Back when I was a young writer at The Tennessean in the mid-1990s, the newspaper decided to shoot for a Pulitzer.
That wasn’t the officially stated goal, but we all knew the editors were gunning for something special to put a once-great newspaper back on the national map. In other words, The Tennessean needed to matter again.
Hence, two reporters went undercover in something the paper called “Inner City Diary.” They posed as a married couple and lived near a public housing complex for 30 days. Once the experience wrapped, and the reporters were back sipping $4 coffees and sleeping in cloud-like beds, The Tennessean ran the series, day by day by day.
And, well, it wasn’t received as the bigwigs anticipated.
People were pissed. Really pissed. Those who resided near the reporters for those 30 days felt duped—and why wouldn’t they? They opened their hearts to people they presumed to be struggling, only to ultimately learn it was all for a newspaper series; all for a failed bid at a Pulitzer. Truth be told, you can’t genuinely understand what it is to endure public housing if you know—come month’s end—there’s an escape. And that you’re making a nice salary. And that the shit you’re eating will soon be replaced. It’s not real, or even close to real. The premise sucks, because it involves both a false narrative and misleading people.
I thought of this a few hours ago, while watching the above ESPN video clip of two St. Louis Rams players spending a night as homeless city denizens. To be 100-percent clear, I have no doubt William Hayes and Chris Long were sincere in their intentions. The two men should be commended for caring, and also be commended for their awareness. I’ve met many athletes who, after a few years in the league (whichever league we’re referring to), forget about the dark corners of existence.
That being said, something about this feature rubbed me wrongly. Actually, several things about this feature rubbed me wrongly. I’ll just make a list …
1. I really have come to dislike the NFL’s modus. The league loves throwing some heart-stirring music behind a video clip to show how wonderful their players are. I assure you, ESPN could not have done this without NFL permission—and it was no doubt granted quickly. Which is fine. But what about the former NFL players who no longer have their brains? Who can’t care for themselves? Who suffered 101 concussions and no longer properly differentiate between a spoon and a fork? Where are those heart-stirring videos? Homelessness—a nice, safe issue for the NFL to tackle. Spousal abuse—the league has no choice. Damaged former gladiators now drinking blended tuna melt from a straw? Eh, no.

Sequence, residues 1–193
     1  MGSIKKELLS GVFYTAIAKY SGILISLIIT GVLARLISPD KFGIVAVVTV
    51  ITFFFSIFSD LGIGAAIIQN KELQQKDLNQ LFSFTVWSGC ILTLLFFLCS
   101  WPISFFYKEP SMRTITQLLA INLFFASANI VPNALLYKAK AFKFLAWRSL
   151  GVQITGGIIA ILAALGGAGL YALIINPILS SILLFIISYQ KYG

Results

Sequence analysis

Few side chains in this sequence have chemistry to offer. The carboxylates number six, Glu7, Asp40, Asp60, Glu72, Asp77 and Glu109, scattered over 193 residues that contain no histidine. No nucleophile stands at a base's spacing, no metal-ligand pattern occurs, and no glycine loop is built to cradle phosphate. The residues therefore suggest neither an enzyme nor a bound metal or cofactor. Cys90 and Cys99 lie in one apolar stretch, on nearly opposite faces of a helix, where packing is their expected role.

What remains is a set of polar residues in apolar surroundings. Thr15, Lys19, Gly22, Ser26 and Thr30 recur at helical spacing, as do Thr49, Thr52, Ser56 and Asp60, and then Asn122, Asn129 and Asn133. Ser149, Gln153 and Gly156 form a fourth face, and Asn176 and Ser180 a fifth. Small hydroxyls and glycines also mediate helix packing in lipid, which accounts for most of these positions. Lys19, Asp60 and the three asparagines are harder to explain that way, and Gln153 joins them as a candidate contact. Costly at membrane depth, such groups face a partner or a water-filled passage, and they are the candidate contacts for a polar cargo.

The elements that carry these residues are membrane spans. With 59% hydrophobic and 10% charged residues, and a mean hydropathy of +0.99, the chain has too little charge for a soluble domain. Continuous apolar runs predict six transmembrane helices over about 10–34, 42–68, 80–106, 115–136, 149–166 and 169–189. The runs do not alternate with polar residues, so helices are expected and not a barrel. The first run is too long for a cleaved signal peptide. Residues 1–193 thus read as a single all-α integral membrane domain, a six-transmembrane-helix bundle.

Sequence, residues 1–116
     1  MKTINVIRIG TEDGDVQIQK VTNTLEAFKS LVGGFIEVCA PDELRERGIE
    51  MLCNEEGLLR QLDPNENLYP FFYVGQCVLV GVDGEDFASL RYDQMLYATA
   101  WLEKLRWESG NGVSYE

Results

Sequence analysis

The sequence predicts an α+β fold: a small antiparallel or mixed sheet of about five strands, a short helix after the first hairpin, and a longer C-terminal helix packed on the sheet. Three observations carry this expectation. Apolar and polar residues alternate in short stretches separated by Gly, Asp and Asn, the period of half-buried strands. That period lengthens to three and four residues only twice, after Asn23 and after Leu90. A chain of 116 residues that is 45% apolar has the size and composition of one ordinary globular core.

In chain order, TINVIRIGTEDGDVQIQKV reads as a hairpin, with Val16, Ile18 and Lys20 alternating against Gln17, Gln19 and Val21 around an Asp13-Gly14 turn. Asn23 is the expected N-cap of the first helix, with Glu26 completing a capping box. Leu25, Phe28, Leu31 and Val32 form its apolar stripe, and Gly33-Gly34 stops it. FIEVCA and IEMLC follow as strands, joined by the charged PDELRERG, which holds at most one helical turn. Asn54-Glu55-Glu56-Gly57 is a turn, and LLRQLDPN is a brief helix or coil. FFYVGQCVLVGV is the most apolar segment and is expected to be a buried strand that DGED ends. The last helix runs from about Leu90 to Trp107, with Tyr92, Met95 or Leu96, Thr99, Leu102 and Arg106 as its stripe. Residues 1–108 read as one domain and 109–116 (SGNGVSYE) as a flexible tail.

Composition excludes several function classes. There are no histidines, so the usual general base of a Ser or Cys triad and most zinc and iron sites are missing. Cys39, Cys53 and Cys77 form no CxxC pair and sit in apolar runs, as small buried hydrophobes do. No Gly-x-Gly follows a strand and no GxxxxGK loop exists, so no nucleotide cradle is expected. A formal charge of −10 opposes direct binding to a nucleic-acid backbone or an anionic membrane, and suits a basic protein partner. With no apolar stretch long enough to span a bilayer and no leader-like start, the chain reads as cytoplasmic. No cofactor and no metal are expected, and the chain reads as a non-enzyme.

2. Again, props to Hayes and Long. But, well, this was pretty fluffy. You have a security guard nearby at all times. There’s a camera nearby, too. It’s for ONE night. One night—and that’s all. I can hear readers saying, “Why don’t you try it, Pearlman?” and I get it. But this is a false view of homelessness. My wife worked for years at Covenant House in New York City. She ran a shelter for homeless kids. And it was i-n-t-e-n-s-e. Not for me—for her. Homelessness attacks you, grabs you, doesn’t let you go. There’s no feel-good music; no aw-shucks happiness; rarely a positive ending. An enormous number of homeless people suffer from mental illness but never have access to the medical assistance they require. It’s not sleeping on the back of a truck for a night and having a sore back. It’s sleeping on a sidewalk, atop dog piss, thinking you’re John Ritter, hoping someone throws a crumb your way.
3. The white player has greater success asking for money than the black player—and it’s sorta dismissed/chalked up as Long being on the right side of the street. God, I hate simplicity like that. Ask yourself this question: A black homeless man walks up to your car; a white homeless man walks up to your car. Are you seeing the same thing—or does one sight make you feel more uncomfortable? I can’t answer for you, but I know m-a-n-y people who would shudder at the sight of the large African-American man, and feel slightly more at ease with the large white guy.
4. At the end, we’re all supposed to feel better about ourselves because the homeless folks have a place to stay for two months. Odds they’ll be back out on the street when that time ends? A solid 98 percent. But, hey, they got to be on TV, and they hugged football players.
Am I overly snide? Perhaps. But when ESPN and NFL join forces to make you feel good, it’s not about making a change. No, it’s about eyes on the screen and ticket sales.
Don’t be fooled to think otherwise.